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December 11, 2019, 05:24:25 pm

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Pencil

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« on: November 01, 2007, 04:19:53 pm »
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sorry i just realised this forum was here.. not sure how long it's been here for. possibly in the time that i was in the shower lol. cos i am addicted :(

well how is everybody going with revision? I haven't done anything for legal in like 3 weeks, godam english better pay off. I'm gonna have to start up again as soon as the eng exam is over.. sigh

enwiabe

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« Reply #1 on: November 01, 2007, 04:21:42 pm »
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Just put it up less than an hour ago. Enjoy :P

costargh

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« Reply #2 on: November 01, 2007, 04:44:49 pm »
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Been doing lots of legal lol =)
Still pretty sure you would know more then me though goosefraba lol
Iv'e done two prac exams and got 50/60 and 51/60 but teacher is marking sensationally hard which I dont really mind because just means Im gonna work harder to improve so hopefully I can bump that up to around 56-57/60 by exam time :)

You having any problems with areas of the course?
My weaknesses are pre trial procedures for both civil and criminal
Still have to look over Canada and make sure I refresh my memory

and everything else is pretty much stuck in my head

=)

Pencil

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« Reply #3 on: November 01, 2007, 04:50:46 pm »
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Quote from: "costargh"
Been doing lots of legal lol =)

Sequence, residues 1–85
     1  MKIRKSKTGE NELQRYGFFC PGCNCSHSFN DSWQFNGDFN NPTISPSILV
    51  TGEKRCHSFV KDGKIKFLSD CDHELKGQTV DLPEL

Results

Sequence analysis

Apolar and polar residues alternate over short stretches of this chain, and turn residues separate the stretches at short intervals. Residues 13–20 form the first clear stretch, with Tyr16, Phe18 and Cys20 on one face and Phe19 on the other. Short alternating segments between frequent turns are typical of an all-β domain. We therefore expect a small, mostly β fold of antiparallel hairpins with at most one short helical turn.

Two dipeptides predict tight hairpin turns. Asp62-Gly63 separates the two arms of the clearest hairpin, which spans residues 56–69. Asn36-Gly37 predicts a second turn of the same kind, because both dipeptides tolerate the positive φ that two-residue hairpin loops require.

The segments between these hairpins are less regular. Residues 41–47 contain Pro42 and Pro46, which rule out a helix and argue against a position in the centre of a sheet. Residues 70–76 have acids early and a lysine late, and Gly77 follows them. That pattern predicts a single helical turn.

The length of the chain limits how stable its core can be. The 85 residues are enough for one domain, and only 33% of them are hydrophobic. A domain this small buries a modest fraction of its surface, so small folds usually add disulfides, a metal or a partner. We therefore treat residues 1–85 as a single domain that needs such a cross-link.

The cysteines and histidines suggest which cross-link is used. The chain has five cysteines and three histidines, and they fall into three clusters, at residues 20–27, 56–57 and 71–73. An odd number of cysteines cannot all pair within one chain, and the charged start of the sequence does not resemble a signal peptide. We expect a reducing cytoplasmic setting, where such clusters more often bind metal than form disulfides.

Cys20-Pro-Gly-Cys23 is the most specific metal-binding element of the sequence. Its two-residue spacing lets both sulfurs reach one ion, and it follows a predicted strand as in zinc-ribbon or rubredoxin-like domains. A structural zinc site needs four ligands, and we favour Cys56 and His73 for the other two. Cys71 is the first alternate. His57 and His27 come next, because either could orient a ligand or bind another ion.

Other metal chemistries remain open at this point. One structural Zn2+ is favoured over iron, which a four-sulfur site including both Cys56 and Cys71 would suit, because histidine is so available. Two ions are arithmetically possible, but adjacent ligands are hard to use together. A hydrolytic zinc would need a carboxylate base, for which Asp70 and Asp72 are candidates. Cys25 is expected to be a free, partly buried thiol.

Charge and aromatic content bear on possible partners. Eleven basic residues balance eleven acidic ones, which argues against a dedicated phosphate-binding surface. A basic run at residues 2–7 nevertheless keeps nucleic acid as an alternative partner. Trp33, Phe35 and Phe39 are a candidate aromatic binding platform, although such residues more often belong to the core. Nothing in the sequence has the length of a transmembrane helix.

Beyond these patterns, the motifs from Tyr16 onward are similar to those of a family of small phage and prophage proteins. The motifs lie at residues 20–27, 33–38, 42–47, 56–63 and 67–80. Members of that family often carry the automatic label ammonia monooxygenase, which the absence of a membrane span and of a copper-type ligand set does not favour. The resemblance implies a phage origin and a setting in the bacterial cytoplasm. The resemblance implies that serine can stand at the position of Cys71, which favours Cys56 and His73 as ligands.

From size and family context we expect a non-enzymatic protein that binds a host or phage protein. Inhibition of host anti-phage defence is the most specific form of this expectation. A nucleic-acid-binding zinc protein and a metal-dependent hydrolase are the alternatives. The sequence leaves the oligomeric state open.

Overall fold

Still pretty sure you would know more then me though goosefraba lol
Iv'e done two prac exams and got 50/60 and 51/60 but teacher is marking sensationally hard which I dont really mind because just means Im gonna work harder to improve so hopefully I can bump that up to around 56-57/60 by exam time :)

You having any problems with areas of the course?
My weaknesses are pre trial procedures for both civil and criminal
Still have to look over Canada and make sure I refresh my memory

and everything else is pretty much stuck in my head

=)


You're lucky, I wish my teacher was marking me hard.  I don't even bother giving her my exams cos she just gives me full marks. She has no idea
I'm reallly scared I've forgotten alot gah..

yeah pre-trial procedures are a bitch, and I'll have to refresh all the changes/proposed changes that have improved access to the law etc.
Jurisdictions are a bit annoying, cos you spends hours learning them all even though you know it's going to be like a 1 mark question on one court, even though you've learned bloody all of them.
I dunno I guess I won't know what my weaknesses are until I finally open up my book again.. i swear it's been nearly a month

costargh

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« Reply #4 on: November 01, 2007, 05:06:11 pm »
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Oh thanks for reminding me about proposed changes/changes to the law that have improved access to the law. Gotta go through those again
Yeh I  know what you mean about the jurisdictions. You just have to put up with it I suppose and then after the 14th you can forget all about them.

Anything you've had trouble with over the year?

Pencil

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« Reply #5 on: November 01, 2007, 05:12:47 pm »
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Quote from: "costargh"

Anything you've had trouble with over the year?


umm.. committal hearings? I've gotta ask another teacher bout those when I get the chance

costargh

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« Reply #6 on: November 01, 2007, 05:18:44 pm »
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Yeh everyone Ive spoken to has had trouble with the whole committal hearing process.

Pencil

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« Reply #7 on: November 01, 2007, 05:21:34 pm »
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It's just because you can't get a textbook with a decent explanation, because they are all different

costargh

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« Reply #8 on: November 01, 2007, 06:02:33 pm »
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These notes are by Brows (formely Brows on BoS). I hope he doesnt mind me posting them. There good

Committal Hearings:

Held in the Magistrates Court for indictable offences prior to a case going to trial in the County or Supreme Court.

Purpose/Aim: